How much sleep we all need different amounts of sleep

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How Much Sleep? We all need different amounts of sleep. Different species of animals require vastly different amounts, as shown in the estimated average sleep times of several species 06 :
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19 18 Serotonin is another chemical that affects sleep; produced by the brain, insufficient levels of serotonin are also related to mental health problems such as depression and anxiety. Levels of serotonin are highest in the brain when we are awake and active, and the brain produces more serotonin when it is lighter outside. This is why most people feel tired at night-time, and why it is a good idea to turn off the lights when we are trying to sleep. The immune system also influences serotonin, and therefore influences sleep patterns 12 , which may explain why we need to sleep more if we are feeling ill. As humans are mainly daytime animals, the period we choose to sleep is determined naturally by the level of light in the environment; principally due to the setting and rising of the sun. But we can now manipulate light levels through the use of artificial lights, which means that we can continue activities long into the evenings. People who work nightshifts may wish to reduce the level of light they are exposed to during the daytime in order to sleep, and can do this through the use of blackout curtains. The story of the Copiapó mining accident in Chile in 2010 shows the importance of light for circadian rhythms. Miners’ sleep-wake cycles were completely disrupted in the absence of sunlight. The National Aeronautics and Space Administration (NASA) consultants advised the miners to segregate their space into working, sleeping, and recreation areas. They used the lights on their helmets and the headlights on the mining trucks to create a communal ‘light’ area. The sleeping area was kept dark, meaning that the miners could regulate the daylight cycle artificially and maintain a regular pattern of sleep. This is an extreme example, but in fact, even moderate changes in lighting can affect our internal circadian timers 13 . Sleep patterns vary greatly, some animals are diurnal and tend to sleep during the night time, and others are nocturnal and sleep mostly during the daytime. Within humans, each person’s circadian timer is set slightly differently; some people function best in the mornings (larks), others best in the evenings (owls), many of us are somewhere in between. Some people suffer from what is known as circadian rhythm sleep disorder, which is an extreme end of this spectrum, but is often associated with mental health problems. An extreme ‘owl’ may have delayed sleep phase syndrome, tending to fall asleep and wake up very late. An extreme ‘lark’ may have advanced sleep phase syndrome, rising very early in the morning but plagued with sleepiness in the evening. These irregularities can become problems, depending upon what we are trying to do in life, although for some they can prove to be an asset.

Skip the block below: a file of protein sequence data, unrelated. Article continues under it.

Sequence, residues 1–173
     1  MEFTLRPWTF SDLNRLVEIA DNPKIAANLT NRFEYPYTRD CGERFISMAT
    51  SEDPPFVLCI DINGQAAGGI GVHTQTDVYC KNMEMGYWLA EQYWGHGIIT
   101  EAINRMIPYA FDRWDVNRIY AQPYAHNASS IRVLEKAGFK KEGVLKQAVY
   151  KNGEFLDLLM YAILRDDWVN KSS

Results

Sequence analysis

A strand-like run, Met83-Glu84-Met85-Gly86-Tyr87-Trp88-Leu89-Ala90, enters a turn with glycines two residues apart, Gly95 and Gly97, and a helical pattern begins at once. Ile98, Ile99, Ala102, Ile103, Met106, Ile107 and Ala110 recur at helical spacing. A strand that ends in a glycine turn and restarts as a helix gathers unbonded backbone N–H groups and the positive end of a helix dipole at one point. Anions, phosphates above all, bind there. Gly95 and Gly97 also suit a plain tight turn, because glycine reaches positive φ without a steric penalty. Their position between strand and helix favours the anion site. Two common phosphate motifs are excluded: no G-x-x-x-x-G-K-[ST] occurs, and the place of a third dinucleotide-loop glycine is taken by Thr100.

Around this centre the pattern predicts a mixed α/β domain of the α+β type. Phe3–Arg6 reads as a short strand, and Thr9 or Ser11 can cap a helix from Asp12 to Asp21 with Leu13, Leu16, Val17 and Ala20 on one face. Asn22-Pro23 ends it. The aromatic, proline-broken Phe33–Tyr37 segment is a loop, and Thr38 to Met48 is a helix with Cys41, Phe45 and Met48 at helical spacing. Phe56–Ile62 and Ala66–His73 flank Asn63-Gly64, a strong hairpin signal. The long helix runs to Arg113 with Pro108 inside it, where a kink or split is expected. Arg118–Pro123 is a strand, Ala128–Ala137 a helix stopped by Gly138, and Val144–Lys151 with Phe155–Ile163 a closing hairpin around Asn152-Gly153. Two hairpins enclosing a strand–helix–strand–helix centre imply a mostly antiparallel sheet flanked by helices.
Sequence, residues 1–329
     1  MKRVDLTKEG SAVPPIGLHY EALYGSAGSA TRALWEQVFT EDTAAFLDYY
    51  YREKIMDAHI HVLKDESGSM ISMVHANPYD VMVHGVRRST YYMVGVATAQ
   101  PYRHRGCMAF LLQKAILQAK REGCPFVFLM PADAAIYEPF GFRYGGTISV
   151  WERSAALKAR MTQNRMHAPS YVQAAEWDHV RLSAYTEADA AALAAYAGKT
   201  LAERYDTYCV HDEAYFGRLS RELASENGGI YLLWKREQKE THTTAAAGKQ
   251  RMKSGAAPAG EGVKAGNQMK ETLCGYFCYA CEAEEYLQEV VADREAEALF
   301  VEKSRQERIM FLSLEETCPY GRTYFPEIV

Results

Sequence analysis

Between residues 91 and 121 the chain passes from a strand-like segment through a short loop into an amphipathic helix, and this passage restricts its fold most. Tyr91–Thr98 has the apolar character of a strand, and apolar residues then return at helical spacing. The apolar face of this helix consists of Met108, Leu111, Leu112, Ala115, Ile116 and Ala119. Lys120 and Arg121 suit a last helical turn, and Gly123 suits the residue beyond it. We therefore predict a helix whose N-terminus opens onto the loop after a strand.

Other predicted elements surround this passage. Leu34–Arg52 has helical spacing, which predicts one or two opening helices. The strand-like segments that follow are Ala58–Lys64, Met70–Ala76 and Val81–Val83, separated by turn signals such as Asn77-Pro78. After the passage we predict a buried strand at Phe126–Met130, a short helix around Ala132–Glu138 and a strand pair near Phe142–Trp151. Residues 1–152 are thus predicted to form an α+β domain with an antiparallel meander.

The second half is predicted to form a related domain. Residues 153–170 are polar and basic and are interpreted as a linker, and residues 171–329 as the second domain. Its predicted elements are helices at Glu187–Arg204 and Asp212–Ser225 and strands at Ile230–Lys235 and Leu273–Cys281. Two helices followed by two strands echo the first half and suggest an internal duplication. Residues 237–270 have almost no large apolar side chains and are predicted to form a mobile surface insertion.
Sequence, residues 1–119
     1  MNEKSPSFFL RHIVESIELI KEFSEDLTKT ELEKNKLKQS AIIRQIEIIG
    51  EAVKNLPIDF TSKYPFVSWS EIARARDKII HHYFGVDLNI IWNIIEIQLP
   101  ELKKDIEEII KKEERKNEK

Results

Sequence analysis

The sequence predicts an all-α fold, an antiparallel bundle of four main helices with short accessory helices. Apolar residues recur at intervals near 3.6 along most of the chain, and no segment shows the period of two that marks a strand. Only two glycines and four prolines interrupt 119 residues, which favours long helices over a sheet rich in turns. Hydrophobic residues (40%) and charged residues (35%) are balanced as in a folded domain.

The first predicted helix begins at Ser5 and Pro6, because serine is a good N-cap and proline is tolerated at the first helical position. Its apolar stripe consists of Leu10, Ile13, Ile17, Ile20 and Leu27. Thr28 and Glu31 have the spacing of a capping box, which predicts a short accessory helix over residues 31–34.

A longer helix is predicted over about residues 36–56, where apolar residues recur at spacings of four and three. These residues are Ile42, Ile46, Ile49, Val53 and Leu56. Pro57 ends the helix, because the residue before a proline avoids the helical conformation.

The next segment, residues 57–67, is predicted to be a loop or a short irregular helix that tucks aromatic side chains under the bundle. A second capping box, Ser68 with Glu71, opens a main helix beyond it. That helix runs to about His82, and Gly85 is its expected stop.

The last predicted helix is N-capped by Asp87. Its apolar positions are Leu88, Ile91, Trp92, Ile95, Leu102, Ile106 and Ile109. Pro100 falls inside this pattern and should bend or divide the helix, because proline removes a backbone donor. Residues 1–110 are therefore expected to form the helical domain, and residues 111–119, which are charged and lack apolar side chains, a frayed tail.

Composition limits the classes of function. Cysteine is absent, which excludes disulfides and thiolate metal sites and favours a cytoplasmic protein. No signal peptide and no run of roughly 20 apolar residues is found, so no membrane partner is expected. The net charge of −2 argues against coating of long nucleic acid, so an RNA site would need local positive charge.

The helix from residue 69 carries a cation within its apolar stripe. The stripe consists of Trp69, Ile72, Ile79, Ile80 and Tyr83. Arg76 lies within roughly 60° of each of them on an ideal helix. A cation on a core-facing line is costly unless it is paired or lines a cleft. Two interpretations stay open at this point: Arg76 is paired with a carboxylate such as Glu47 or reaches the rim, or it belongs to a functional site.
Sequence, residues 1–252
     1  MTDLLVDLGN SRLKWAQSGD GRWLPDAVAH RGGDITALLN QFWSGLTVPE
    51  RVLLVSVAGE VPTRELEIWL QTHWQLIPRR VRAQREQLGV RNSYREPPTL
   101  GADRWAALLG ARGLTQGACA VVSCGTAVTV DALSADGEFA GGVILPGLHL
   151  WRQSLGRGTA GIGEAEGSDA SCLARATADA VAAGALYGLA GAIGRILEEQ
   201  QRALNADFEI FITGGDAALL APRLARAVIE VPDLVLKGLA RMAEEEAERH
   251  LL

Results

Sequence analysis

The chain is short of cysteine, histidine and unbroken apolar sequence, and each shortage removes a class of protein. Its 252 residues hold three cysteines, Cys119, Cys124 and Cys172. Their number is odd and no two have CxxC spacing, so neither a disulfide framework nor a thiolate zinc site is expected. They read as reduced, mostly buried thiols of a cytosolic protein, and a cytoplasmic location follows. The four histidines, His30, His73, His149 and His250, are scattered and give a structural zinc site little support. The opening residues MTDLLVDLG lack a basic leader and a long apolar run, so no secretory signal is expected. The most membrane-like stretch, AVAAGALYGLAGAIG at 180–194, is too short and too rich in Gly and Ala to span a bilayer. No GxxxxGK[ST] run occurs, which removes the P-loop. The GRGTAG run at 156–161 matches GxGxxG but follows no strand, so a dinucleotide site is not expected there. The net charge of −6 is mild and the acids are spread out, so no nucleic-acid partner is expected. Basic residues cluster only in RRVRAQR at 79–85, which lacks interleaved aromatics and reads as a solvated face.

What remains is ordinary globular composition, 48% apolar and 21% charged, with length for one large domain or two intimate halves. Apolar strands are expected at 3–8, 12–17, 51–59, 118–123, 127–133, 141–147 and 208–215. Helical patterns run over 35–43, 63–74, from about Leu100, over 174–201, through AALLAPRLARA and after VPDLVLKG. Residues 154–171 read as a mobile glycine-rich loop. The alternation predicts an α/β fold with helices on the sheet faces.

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  • Sleep Matters

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